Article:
• Dataset to be prepared for machine learning
      • Select the Algorithm
      • Train the model
      • Create a predictive web service
      • Connect the kit to the cloud through Azure IoT Central
      • Set rules to trigger an Azure function which in turn will make a request to the predictive web service
      • The response is then passed to the device

 

     Azure Machine Learning Studio

                    The Azure Machine Learning Studio is a code-less workspace for developing machine learning solutions. To start, I chose this weather dataset available in the UCI repository - https://archive.ics.uci.edu/ml/datasets/SML2010 Then dataset has temperature, humidity data with date, time and day of the week. Since this is a learning experiment, I chose the day of the week to be the predicted output. So when a particular temperature is reached at a particular time, the day of the week is predicted.

 

          As you can see in the screenshot below, the machine learning experiment is built from the dataset to model. The dataset we chose is then subjected to the 'Linear Regression' model and trained. Then we need to set up a web service that will receive data input and output from our application (in our case Azure Sphere MT3620 Starter Kit). So I set up a predictive web service.

          Once the predictive web service is up and running, we can see the sample request/ response page, which has a sample C# code. I have created a console application using that and modified as required.

          Once we build and run this console application, we will receive output as shown in the screenshot below which is a decimal value of the day of the week. So, in this case, it can be approximated to 2.

 

     Azure IoT Central

 

 

     The advanced demo provided here - https://www.element14.com/community/groups/azuresphere/blog/2019/08/01/azure-sphere-starter-kit-advanced-tutorial#commen… can be used for this project. Navigate to the Rules section and create a rule with action as a webhook. Though we use Azure functions, we are creating a webhook here because we can use the URL provided by Azure function in the webhook.

          When things were going good, then came the OS update. Because of this, the demo solution is now throwing many errors (see screenshot below). So, unfortunately, I have to stop here for now. I'll update once the issues are fixed with the outcome.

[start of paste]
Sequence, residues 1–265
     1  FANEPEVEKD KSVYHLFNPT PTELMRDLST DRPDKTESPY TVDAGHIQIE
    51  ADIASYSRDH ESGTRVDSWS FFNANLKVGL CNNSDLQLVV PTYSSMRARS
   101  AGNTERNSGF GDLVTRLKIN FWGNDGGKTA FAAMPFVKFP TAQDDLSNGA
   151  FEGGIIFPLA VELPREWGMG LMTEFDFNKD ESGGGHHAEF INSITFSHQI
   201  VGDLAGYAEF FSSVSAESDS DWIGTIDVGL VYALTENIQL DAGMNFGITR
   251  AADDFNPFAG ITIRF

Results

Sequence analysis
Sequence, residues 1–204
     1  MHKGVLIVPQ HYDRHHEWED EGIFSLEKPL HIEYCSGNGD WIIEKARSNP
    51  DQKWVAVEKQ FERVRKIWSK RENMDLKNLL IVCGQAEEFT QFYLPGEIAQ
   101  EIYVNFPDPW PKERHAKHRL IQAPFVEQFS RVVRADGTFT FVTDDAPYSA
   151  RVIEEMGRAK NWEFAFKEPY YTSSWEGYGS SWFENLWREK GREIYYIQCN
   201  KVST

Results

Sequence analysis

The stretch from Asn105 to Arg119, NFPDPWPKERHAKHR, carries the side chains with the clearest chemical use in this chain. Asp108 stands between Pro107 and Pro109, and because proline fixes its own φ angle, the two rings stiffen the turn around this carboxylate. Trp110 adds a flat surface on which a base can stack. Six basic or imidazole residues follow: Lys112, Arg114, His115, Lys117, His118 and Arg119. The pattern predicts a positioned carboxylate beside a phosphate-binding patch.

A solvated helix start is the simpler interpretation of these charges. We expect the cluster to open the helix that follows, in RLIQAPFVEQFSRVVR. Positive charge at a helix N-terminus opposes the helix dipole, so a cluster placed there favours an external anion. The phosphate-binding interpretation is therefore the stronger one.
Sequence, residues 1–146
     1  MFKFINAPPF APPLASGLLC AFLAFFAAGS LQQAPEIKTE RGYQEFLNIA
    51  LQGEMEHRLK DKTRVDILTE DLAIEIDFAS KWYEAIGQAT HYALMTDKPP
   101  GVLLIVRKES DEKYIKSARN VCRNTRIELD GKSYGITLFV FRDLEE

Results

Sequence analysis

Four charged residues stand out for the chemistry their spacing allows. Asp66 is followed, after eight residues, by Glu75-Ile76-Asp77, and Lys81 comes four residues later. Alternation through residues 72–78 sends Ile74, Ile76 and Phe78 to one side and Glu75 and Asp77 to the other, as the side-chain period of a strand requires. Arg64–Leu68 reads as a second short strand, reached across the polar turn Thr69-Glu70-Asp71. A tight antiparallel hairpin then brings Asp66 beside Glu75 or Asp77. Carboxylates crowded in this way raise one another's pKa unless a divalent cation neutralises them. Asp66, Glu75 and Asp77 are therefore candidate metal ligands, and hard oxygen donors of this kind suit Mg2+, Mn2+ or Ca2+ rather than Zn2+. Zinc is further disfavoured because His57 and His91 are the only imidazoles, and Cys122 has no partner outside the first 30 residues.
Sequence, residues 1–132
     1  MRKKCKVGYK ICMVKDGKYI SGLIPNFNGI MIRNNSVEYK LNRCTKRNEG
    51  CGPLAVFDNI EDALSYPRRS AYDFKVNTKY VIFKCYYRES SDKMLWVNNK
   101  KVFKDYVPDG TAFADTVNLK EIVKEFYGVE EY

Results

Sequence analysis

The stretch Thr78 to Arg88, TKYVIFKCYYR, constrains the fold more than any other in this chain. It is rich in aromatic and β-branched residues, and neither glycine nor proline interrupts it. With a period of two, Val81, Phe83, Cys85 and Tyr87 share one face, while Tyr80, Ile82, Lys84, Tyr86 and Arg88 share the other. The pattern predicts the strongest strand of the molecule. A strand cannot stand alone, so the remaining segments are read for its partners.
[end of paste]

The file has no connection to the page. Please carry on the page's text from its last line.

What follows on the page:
Issue(s)

Issue #1 - SDK Installation

     The Azure Sphere SDK took a long time to be installed in my machine. It appeared to be stuck at one point while being installed that I had to cancel the process. Unfortunately, this uninstalled the Visual Studio 2017 that I've installed already. Because of this, I had to repeat the process of installing VS 2017 followed by the SDK (since the SDK required VS 2017 version 5.9 or above to be present). This stretched the getting started time to more than 3-4 hours than what it would have been 1-2 hours at the maximum.

 

Issue #2 - Azure Sphere Communication Service - not running

Link - https://www.element14.com/community/thread/73292/l/error-could-not-connect-to-the-azure-sphere-device-communication-service

error: Could not connect to the Azure Sphere Device Communication Service. If this issue persists, try uninstalling and reinstalling the Azure Sphere SDK.

     I successfully pinged the contest server (for the Azure Sphere design challenges) in the morning and when I tried to connect the kit in the evening, I received an error "error: Could not connect to the Azure Sphere Device Communication Service. If this issue persists, try uninstalling and reinstalling the Azure Sphere SDK.". Because of this, I had to reinstall the Azure Sphere SDK again and also changed the Azure Sphere Communication Service's log on as my user which resolved the issue.

 

Issue #3 - OS Update

     I was almost on the verge of completing my project which was built on top of 'Advanced Demo' example code. But an OS update (to 19.09) introduced errors that have to be fixed in order to complete. I know this is expected, but this has caused a delay in completing my project.

 

Summary/ Conclusion

    Avnet's Azure Sphere MT3620 Starter Kit is the perfect blend of hardware and software. Microsoft Azure provides numerous capabilities and security which is the most concerning factor when it comes to IoT. The carrier board built around MediaTek's MT3620 provides a perfect base for rapid prototyping with Click boards, Grove connectors, OLED interface, and Pmod connectors.

 

Pros

  • I have never seen documentation better than Microsoft's. A lot of getting started blogs, code from Avnet has made the journey smooth and enjoyable.